Not If I See You First by Eric Lindstrom
Published in: 2015
Reviewed by: Book Worm
Find it here: Not If I See You First
This ARC was provided by Harper Collins UK (via NetGalley) in exchange for an honest review.
Synopsis from Goodreads:
The Rules: Don’t deceive me. Ever. Especially using my blindness. Especially in public.
Don’t help me unless I ask. Otherwise you’re just getting in my way or bothering me.
Don’t be weird. Seriously, other than having my eyes closed all the time, I’m just like you only smarter.
Parker Grant doesn’t need 20/20 vision to see right through you. That’s why she created the Rules: Don’t treat her any differently just because she’s blind, and never take advantage. There will be no second chances. Just ask Scott Kilpatrick, the boy who broke her heart.
When Scott suddenly reappears in her life after being gone for years, Parker knows there’s only one way to react—shun him so hard it hurts. She has enough on her mind already, like trying out for the track team (that’s right, her eyes don’t work but her legs still do), doling out tough-love advice to her painfully naive classmates, and giving herself gold stars for every day she hasn’t cried since her dad’s death three months ago. But avoiding her past quickly proves impossible, and the more Parker learns about what really happened—both with Scott, and her dad—the more she starts to question if things are always as they seem. Maybe, just maybe, some Rules are meant to be broken.
Combining a fiercely engaging voice with true heart, debut author Erid Lindstrom’s Not If I See You First illuminates those blind spots that we all have in life, whether visually impaired or not.
Book Worm’s Thoughts: I have given this book a solid 3 stars. It is a good read, but for me it lacked that extra something that makes a good read great.
Parker, the narrator, is blind and she makes it into her trademark rather than letting it hold her back. Being blind is both good and bad for Parker. On the one hand she can speak her mind without having to worry about what people think because she can’t see how they react. However the lack of visual information also puts a barrier between herself and others and allows her to live in an enclosed world. As Parker is not aware of the subtle visual clues that we all take for granted. She decides how to interpret everything she cannot see and sometimes her interpretation is entirely wrong — something she is just beginning to realize.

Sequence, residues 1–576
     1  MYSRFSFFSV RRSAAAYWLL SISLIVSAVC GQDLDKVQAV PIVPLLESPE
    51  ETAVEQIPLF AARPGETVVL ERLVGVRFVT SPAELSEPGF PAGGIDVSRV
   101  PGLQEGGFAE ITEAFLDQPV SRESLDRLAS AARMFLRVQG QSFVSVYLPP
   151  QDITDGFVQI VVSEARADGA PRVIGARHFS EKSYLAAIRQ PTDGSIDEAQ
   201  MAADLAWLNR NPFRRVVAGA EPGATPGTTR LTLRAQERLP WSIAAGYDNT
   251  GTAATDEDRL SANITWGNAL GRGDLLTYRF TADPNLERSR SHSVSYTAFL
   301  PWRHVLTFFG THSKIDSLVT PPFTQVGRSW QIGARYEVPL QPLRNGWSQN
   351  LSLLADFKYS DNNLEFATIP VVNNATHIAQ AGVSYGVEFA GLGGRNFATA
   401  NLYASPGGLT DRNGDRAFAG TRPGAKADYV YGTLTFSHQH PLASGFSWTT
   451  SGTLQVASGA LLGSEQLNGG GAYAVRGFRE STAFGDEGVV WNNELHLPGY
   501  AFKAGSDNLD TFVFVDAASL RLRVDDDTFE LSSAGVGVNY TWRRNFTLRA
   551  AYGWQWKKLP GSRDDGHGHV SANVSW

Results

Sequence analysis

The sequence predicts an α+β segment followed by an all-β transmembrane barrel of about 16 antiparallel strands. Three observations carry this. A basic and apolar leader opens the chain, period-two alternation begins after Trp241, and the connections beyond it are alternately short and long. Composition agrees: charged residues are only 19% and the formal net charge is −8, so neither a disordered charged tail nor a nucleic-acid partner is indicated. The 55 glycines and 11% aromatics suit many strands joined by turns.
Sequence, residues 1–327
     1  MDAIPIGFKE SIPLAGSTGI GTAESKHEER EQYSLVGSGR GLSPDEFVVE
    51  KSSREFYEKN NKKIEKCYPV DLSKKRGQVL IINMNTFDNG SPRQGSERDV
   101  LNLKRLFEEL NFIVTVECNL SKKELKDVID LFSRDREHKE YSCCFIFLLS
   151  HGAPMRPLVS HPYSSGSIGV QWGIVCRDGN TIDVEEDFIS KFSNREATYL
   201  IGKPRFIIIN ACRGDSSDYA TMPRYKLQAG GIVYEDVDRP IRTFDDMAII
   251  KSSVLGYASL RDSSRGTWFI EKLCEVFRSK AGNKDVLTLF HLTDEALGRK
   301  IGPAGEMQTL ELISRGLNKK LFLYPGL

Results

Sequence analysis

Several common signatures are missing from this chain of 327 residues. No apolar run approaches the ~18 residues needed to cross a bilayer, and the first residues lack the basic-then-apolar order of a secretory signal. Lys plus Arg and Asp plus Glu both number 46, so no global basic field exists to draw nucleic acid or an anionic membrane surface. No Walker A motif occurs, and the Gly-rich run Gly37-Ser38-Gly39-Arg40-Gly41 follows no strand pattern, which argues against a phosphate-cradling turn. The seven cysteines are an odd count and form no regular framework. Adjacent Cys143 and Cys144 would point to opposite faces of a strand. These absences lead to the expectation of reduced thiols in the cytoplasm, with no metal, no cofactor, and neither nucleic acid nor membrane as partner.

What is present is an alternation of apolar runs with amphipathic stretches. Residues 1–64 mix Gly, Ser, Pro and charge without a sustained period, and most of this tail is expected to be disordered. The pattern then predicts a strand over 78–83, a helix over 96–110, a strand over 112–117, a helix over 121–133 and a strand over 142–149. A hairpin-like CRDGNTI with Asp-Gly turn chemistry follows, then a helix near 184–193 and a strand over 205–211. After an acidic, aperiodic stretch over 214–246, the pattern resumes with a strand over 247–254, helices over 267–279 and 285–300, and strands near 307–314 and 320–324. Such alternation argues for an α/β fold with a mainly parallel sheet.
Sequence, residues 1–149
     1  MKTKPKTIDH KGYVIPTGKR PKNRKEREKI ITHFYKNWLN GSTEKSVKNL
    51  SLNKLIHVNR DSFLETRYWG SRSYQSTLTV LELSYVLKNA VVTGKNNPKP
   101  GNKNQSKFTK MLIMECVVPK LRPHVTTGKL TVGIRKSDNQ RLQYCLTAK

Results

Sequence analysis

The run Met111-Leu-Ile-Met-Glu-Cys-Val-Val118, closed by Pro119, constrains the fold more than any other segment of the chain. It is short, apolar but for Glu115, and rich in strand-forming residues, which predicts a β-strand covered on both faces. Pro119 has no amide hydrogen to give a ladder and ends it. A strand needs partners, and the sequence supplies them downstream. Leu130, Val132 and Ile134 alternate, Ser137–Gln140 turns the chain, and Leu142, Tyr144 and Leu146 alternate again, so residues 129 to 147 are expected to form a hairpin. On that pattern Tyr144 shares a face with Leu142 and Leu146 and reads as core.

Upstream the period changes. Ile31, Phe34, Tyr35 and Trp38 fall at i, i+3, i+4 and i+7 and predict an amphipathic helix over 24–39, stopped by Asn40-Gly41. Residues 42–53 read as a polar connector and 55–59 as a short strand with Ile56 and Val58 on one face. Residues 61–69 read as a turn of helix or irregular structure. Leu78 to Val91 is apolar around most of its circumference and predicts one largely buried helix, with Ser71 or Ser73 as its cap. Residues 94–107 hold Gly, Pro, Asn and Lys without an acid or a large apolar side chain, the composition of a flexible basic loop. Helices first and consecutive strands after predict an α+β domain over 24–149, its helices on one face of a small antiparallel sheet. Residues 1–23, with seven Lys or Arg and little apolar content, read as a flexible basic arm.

I enjoyed the dynamic between Parker and her friends and I liked seeing how things would work for her at school, especially how the school buddy system allowed her to maintain her independence. I really liked the section where she starts running track and the solutions for how to allow this to happen, and her method of shopping to avoid being ripped off. I also appreciated the fact that Parker could be and often was a bitch.
This is probably my favourite moment in the whole book as I could just visualize it and it would be hilarious;
“The show begins. For the next eleven hours it’s the Lord of the Rings trilogy with Descriptive Audio turned on. It’s hilarious. Listening to the narrator quickly and dispassionately give deadpan descriptions of Frodo’s weepy expressions, arrows penetrating eye sockets, Arwen’s soulful looks of immortal love and the decapitations of countless orcs have us roaring with laughter one moment and shushing each other the next”
So who would enjoy this book? This is a young adult book and I think the target audience will really enjoy it. Among those of us who left school several years ago it will appeal to readers who like a good tear jerker. It doesn’t meet the weepy standard set by The Fault in Our Stars but there were a few moments when I felt myself tearing up. It will also appeal to those who like strong female characters, friendships-focused books and romantics who love a happy ending.
Added Bonus – This fulfills my scavenger hunt item #21: a book with no images on the cover.
Want to try it for yourself? You can find a copy here: Not If I See You First
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